In general, artificial eyes are covered by insurance and most plans do not consider them to be a cosmetic device, rather Durable Medical Equipment (DME).
However, most plans do have guidelines regarding replacements and benefits vary. Contact your insurance company for more information on your plan benefits.
Medicare and Medicaid/DSHS coverage: Prosthetic eyes and related services are a covered procedure under all Medicare, Medicaid, and DSHS guidelines. Prior to beginning your fitting, a request from your ophthalmologist is required. This request can be in the form of a written prescription from your ophthalmologist or a letter requesting this service.
Medicare pays 80% of the allowed amount and your supplement (if any) pays the additional 20%. If you do not carry a Medicare supplement, the patient is responsible for the 20% co-payment and any other amount not covered by Medicare.
Blue Cross - Blue Shield - PPO's: Most insurance will pay at least a portion of the fitting and supply fees for your artificial eye. As such, most insurers will pay 80 percent of their company's allowed amount. This allowed amount varies from company to company, but it can be found by reviewing the plan's policy or by calling the Member Services telephone number listed on your insurance card.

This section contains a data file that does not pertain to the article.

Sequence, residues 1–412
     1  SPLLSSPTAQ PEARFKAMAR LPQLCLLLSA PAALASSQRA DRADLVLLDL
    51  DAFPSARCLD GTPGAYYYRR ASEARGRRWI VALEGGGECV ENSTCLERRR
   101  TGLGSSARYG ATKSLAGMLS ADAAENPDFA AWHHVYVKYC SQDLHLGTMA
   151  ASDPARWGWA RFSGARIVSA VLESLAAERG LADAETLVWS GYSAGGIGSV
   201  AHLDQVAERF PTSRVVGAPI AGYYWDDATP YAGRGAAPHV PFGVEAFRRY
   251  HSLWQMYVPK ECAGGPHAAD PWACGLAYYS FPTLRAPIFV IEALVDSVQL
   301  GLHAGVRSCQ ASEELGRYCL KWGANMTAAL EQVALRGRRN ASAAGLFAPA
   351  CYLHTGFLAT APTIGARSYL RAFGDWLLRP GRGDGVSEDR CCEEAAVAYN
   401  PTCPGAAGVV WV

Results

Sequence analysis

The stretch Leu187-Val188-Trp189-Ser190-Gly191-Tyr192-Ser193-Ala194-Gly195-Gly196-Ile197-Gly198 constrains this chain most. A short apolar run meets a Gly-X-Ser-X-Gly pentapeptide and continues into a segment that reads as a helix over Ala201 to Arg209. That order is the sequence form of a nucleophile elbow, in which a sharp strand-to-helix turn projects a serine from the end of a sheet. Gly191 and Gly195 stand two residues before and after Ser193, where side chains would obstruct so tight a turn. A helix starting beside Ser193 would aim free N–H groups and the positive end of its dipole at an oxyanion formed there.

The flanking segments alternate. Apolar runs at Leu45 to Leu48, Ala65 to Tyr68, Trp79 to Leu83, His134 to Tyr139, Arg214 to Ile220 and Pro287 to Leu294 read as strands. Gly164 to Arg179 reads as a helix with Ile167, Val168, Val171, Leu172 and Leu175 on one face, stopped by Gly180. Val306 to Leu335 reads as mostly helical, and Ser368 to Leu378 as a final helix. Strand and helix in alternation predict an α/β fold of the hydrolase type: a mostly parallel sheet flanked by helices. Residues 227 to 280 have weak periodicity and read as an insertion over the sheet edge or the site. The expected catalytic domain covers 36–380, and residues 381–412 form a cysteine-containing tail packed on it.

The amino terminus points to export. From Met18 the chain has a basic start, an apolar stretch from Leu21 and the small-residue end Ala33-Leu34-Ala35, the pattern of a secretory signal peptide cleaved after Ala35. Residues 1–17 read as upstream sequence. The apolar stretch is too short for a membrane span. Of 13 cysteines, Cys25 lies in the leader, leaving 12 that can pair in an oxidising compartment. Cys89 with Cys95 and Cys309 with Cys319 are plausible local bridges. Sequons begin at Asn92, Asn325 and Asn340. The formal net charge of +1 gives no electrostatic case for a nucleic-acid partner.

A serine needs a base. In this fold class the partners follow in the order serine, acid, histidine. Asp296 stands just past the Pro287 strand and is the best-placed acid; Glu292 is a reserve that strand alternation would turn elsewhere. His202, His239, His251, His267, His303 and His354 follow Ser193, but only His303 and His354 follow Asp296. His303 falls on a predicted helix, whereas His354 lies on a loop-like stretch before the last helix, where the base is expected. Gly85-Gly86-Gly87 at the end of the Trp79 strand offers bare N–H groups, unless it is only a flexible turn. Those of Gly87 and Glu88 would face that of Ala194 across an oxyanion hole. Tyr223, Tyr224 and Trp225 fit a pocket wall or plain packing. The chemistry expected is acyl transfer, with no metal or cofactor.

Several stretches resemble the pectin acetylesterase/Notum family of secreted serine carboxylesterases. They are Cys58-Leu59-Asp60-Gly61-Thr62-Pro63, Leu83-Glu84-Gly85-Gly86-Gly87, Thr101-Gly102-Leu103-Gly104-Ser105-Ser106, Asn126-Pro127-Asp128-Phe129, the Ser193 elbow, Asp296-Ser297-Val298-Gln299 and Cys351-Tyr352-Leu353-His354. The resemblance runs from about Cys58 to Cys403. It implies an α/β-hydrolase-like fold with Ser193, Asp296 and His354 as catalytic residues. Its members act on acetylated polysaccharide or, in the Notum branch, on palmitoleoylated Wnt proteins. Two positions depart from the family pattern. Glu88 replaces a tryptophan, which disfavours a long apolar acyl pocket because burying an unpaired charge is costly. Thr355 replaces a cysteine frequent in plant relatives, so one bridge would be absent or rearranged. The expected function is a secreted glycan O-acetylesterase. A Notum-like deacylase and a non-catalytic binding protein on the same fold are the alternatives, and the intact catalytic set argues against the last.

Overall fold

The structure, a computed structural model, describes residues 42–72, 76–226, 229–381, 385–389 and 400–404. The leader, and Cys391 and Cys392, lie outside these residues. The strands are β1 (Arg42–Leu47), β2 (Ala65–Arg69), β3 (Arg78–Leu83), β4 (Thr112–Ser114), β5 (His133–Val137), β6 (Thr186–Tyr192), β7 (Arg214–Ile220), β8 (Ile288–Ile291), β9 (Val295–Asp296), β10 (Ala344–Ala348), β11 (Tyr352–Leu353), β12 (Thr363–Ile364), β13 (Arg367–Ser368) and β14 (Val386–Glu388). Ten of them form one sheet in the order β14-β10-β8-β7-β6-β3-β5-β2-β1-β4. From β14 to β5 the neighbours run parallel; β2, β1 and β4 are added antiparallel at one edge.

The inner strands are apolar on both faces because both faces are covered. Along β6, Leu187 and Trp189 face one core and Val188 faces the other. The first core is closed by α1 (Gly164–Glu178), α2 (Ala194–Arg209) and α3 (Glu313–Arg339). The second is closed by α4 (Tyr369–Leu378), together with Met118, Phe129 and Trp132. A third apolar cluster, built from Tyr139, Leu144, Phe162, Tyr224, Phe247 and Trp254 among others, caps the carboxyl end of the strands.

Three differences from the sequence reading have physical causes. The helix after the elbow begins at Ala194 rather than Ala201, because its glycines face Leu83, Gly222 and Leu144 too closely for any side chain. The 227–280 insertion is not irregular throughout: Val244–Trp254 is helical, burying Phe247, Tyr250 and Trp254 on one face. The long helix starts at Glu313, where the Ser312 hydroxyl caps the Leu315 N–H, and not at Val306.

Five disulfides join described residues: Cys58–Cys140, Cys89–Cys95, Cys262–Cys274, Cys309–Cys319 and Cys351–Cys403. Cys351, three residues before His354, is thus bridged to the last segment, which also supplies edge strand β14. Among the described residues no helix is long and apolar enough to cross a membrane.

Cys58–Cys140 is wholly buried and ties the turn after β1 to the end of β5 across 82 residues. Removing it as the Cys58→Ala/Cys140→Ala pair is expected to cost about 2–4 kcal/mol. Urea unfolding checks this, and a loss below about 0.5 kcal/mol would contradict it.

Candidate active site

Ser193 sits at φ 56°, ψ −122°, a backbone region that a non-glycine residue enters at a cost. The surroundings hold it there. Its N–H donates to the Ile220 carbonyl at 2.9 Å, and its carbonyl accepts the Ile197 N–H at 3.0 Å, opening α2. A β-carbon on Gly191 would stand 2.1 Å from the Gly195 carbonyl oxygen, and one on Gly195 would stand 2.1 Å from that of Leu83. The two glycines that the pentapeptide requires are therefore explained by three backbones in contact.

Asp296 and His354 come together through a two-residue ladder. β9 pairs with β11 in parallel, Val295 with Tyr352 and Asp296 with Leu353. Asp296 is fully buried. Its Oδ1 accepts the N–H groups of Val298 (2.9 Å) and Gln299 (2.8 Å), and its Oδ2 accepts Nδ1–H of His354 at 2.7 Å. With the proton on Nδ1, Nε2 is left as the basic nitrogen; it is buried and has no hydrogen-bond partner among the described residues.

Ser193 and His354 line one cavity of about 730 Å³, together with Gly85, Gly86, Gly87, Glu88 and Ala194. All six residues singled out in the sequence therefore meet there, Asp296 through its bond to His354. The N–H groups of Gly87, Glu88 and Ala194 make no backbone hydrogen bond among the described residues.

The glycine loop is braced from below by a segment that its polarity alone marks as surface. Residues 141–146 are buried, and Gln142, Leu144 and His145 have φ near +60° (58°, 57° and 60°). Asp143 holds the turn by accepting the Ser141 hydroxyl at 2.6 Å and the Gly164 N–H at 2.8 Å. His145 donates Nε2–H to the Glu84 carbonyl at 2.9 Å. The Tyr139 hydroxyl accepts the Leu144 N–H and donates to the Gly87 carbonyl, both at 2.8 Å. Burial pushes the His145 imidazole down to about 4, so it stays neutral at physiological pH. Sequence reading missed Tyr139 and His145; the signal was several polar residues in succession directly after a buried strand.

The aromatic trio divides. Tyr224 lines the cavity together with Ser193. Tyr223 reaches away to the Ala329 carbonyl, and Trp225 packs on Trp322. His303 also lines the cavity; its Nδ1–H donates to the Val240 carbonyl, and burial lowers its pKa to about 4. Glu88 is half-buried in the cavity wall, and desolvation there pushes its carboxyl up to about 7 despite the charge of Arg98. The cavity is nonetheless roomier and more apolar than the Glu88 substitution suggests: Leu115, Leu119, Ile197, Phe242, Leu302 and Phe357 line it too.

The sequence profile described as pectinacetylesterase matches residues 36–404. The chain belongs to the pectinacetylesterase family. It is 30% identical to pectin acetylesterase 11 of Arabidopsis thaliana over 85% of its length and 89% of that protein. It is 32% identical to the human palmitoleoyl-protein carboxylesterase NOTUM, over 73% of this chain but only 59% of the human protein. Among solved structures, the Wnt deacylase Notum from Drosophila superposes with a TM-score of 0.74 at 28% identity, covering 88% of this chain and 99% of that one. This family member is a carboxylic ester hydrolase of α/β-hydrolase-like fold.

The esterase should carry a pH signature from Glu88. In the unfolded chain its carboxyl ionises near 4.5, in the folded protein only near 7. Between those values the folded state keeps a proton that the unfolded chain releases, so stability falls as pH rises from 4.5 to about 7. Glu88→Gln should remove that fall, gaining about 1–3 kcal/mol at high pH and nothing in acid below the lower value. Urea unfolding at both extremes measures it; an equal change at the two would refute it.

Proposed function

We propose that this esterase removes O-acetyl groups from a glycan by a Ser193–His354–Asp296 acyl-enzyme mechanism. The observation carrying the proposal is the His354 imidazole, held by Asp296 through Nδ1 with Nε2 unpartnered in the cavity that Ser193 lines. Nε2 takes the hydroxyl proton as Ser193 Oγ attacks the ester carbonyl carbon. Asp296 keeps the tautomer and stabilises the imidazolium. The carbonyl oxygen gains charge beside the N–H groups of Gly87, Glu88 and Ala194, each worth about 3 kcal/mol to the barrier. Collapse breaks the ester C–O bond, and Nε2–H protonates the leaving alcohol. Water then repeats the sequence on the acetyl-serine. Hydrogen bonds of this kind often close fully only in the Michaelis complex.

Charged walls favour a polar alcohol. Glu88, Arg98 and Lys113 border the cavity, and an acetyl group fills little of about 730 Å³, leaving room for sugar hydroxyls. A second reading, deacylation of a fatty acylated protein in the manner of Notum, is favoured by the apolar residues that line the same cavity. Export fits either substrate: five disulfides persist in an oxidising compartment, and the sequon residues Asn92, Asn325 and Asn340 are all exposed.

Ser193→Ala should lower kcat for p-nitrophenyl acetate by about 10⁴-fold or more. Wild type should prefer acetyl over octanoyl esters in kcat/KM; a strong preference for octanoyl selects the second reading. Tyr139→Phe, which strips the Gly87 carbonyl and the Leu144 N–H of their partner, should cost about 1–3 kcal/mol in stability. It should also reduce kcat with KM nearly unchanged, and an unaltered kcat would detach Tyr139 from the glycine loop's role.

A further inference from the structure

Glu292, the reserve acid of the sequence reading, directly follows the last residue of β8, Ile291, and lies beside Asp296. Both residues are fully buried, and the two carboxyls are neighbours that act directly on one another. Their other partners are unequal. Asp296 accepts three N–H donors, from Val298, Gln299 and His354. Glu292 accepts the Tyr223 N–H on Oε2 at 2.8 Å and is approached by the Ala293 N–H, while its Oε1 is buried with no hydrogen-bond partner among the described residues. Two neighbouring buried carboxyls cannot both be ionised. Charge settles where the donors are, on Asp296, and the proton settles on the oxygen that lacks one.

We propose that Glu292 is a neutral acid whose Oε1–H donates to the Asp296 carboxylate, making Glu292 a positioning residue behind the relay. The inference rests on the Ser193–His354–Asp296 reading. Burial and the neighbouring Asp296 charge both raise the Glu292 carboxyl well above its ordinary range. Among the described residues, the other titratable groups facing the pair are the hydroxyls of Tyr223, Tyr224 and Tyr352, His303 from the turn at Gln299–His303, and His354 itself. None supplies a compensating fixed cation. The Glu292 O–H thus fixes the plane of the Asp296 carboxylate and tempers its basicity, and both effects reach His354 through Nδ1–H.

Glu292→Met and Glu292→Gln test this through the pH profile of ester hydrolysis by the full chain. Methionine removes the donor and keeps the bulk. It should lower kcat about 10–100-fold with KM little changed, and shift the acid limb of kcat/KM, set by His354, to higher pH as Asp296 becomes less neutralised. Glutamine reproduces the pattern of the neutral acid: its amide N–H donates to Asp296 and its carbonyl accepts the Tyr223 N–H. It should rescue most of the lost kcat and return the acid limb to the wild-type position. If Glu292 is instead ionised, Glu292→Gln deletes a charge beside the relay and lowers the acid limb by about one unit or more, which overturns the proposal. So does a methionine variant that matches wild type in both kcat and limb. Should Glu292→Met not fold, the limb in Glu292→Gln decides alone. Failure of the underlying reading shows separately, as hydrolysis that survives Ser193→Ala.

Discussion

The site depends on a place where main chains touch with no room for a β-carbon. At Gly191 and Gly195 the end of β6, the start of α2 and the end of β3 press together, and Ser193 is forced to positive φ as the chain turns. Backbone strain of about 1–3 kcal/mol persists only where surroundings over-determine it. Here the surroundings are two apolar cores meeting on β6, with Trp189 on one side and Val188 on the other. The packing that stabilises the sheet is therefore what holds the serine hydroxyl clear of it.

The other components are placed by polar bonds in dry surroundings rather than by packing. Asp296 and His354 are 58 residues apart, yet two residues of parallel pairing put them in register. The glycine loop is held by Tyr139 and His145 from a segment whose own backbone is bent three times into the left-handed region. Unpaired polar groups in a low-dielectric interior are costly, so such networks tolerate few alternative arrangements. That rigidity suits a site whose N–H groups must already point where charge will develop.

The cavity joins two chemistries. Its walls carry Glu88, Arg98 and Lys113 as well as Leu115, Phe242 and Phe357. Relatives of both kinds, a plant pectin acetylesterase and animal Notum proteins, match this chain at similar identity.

Generally, the allowed amounts assigned by private insurers are well below the office fee for service. The patient will be responsible for any annual deductible as determined by their policy and the 20% co-pay amount. Additionally, the patient will be responsible for the difference between the allowed amount of their policy and the billed charges.
Health Maintenance Organizations (HMO): HMO's are unique in the respect that prior authorization must be obtained from your medical group prior to seeing the ocularist for service, and the authorization needs to be hand before work begins. If you have questions regarding obtaining the prior authorization documentation for your artificial eye, please contact the office nearest to you for assistance.
However, remember that it is your insurance and your responsibility to do the legwork to get the HMO'S referral to your ocularist.